This month, Liebestrasse launched on comiXology, a story of finding love and romance under the fascist fist of Nazi rule. Brought to life by writer Greg Lockard, artist Tim Fish, colorist Hector Barros, and letterer Lucas Gattoni, Liebestrasse follows Sam and Philip as they navigate the crumbling Weimar Republic and contend with how Nazi rule affects their love.
With the release of this moving story, FreakSugar is honored to exclusively publish a list of media inspirations for Liebestrasse compiled by Greg Lockard. Check out this impressive collection of tales below!
5 Weimar Era Media Inspirations For Liebestrasse by Greg Lockard
Many creators (writers, artists, filmmakers, et al) have returned to the Weimar Era in Germany as a point of inspiration. Plotting a graphic novel that starts in the Berlin of 1932 was intimidating, but the research was both amazing and heart-breaking–as it documents some of the great social changes that were made during that time towards a deeper understanding of each other as individuals, outside of the structures imposed on sexuality and gender. Here’s a list of media that most inspired me to write Liebestrasse.
Gay Berlin by Robert Beachy (non-fiction)
The most comprehensive portion of my non-fiction research was focused in this volume. A relatively recent scholarly text that gave me invaluable insight into our characters’ world and the socio-political atmosphere in Germany. It also provided the historical context for much of those details included in our graphic novel. Impeccably researched and still accessibly written for a motivated reader. Beachy’s writing is clearly-voiced, unlike many academic texts, and I felt as if I learned a great deal while traveling through this period of history.
An Underground Life – Memoirs of a Gay Jew in Nazi Berlin by Gad Beck (non-fiction/memoir)
I did not expect to love the writing in this memoir but Beck has a flare for the literary while he recounts the harrowing events of his life in Nazi Germany. A member of the resistance and a true hero– we are very lucky to have his words in this memoir. The memoir begins at the birth of Gad and his twin sister in 1923 and continues until the emancipation of Berlin in spring of 1945.
Levi Hastings and Dorian Alexander created a comic for the Nib that is the perfect introduction to Gad Beck and his contributions to the resistance and directly saving lives.
The comic shares something very important to Tim and I as we created Liebestrasse: our inspiration by the heroes fighting against the Nazis is equal to our abject terror at the rise of the far-right around the world as well as the very public return of Nazi ideologies in democratic governments.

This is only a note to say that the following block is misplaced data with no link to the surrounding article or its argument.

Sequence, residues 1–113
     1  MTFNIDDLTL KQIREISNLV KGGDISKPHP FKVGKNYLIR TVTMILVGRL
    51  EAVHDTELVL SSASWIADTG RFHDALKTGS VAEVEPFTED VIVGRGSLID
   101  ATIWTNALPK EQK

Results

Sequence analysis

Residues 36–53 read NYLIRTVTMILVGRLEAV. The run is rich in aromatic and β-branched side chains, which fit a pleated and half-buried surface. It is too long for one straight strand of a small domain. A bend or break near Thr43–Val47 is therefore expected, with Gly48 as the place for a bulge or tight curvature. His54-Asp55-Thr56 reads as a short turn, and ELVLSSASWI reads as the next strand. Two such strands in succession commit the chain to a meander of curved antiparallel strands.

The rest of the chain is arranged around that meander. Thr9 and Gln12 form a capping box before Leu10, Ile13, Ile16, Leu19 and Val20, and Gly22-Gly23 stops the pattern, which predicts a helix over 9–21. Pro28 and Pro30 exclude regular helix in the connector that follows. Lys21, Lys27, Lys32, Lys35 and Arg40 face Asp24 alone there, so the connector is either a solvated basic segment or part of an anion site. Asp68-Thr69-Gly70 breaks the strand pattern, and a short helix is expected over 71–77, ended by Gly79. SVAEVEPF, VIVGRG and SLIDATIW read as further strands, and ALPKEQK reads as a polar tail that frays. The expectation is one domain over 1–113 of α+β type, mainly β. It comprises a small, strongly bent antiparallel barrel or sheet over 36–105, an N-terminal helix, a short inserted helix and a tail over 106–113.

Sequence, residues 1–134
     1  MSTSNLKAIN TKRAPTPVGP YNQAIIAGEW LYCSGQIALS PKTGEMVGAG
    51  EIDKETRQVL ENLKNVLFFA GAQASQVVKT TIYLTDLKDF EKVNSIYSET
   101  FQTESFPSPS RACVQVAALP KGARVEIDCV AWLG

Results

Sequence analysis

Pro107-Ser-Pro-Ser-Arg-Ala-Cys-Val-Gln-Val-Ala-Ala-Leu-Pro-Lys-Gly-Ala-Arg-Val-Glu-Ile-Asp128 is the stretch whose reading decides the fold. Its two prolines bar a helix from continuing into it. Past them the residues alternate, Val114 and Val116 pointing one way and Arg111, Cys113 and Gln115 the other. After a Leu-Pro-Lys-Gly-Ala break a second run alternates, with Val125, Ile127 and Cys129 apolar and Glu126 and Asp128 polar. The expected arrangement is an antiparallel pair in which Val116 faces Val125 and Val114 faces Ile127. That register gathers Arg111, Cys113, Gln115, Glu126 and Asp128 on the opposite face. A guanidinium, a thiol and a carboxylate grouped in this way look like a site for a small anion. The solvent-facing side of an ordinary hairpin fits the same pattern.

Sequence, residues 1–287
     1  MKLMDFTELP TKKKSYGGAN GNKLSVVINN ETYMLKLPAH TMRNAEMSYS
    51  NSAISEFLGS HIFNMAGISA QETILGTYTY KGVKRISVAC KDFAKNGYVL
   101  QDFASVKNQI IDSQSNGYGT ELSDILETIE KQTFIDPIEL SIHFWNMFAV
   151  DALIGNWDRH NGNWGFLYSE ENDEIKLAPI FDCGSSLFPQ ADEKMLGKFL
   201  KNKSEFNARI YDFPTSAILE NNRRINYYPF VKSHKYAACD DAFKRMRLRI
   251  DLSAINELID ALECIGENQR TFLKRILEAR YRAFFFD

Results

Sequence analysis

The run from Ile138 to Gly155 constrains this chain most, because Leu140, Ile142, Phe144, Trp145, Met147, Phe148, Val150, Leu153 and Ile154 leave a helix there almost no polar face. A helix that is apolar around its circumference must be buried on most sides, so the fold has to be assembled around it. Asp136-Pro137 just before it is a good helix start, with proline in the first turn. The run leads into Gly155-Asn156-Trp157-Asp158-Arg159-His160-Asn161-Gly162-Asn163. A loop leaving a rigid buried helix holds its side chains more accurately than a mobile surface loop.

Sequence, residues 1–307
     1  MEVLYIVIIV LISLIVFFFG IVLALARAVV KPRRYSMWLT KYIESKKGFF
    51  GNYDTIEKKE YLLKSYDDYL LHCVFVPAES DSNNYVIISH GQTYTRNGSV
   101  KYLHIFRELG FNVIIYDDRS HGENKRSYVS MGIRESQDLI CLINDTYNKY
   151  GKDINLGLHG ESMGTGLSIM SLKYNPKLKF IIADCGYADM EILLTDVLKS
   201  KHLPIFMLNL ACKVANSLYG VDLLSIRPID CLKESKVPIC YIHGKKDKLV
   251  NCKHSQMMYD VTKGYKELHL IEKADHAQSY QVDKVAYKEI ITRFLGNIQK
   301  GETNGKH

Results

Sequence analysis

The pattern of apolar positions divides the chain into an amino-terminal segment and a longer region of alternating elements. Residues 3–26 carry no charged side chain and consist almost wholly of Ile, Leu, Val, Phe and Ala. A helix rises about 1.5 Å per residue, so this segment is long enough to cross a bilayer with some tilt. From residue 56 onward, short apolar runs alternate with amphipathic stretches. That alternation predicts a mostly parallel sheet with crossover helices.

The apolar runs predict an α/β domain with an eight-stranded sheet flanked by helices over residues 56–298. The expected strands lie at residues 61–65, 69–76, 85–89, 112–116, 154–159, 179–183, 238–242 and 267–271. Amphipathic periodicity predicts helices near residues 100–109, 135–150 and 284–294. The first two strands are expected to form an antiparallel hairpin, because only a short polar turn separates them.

Christopher and His Kind by Christopher Isherwood (memoir)
Christopher Isherwood’s fictionalization of his time in Berlin, Goodbye to Berlin and its adaptations are frustrating to me as a reader (and viewer) due to their exclusion of Isherwood’s homosexuality. I have empathy since they are the product of their times, but Liebestrasse is an attempt to provide a spotlight on the stories of LGBTQIA individuals forced into hiding or concealing their stories in the decades that followed.
Isherwood himself uses this autobiography, Christopher and His Kind, to be more candid about his past and the community he was a part of in Berlin (and beyond). “His kind” were the “tribe” of connections he made as part of his sexual and intellectual liberation in Berlin. He also returns to the city in 1952 (with different motivations) but the nod was intentional in our story when Sam returns to Berlin in the same year. The Berlin Stories (which collected The Last of Mr. Norris and Goodbye to Berlin in a single volume) were also a significant influence during the research stage of this project to add to the recommended reading list.
Another Country directed by Marek Kanievska, script by Julian Mitchell, adapted from his play of the same name.
There are plenty of films that influenced the creation of this graphic novel but I want to focus on a wildcard entry: Another Country. The movie was a very conscious influence in the structure of our flashbacks and well as subject matter of queer longing.
The 1984 film starred Rupert Everett as Guy Bennett (who had originated the role for the West End production) and Colin Firth (in his film debut) as his best friend, Tommy Judd. Cary Elwes also appears in the film (in his debut) as Guy Bennett’s love interest. Loosely based on the life of British spy, Guy Burgess, the film portrays two best friends at a boarding school in England during the 1930s. It’s gorgeously filmed and tragically sad; I highly recommend viewing.
Berlin by Jason Lutes
The collected edition of Lutes’ Berlin was released as we were beginning to pitch our graphic novel. Berlin is a masterwork and should be read by everyone with an interest in the city and its history. This graphic novel transcends in its scope, as well as its tight focus on the two lead characters, Marthe Müller and Kurt Severing, as they navigate the years leading up to World War 2 in Berlin.
Lutes is a fabulous sequential storyteller, with the majority of the shots are mid-to-closeup which insures the reader is close to the characters, while also bringing you directly into the heartbreaking and terrifying reality of the changes in Berlin.
Liebestrasse is on sale now from comiXology.
From the official graphic novel description:
During the final years of the Weimar Republic, Sam meets Philip in Berlin and they fall in love. Their romance is hit with an unspeakable reality as the Nazis come to power and fascism makes them a target.
Part of the comiXology Originals line of exclusive digital content only available on comiXology and Kindle. This title is available as part of comiXology Unlimited, Kindle Unlimited and Prime Reading.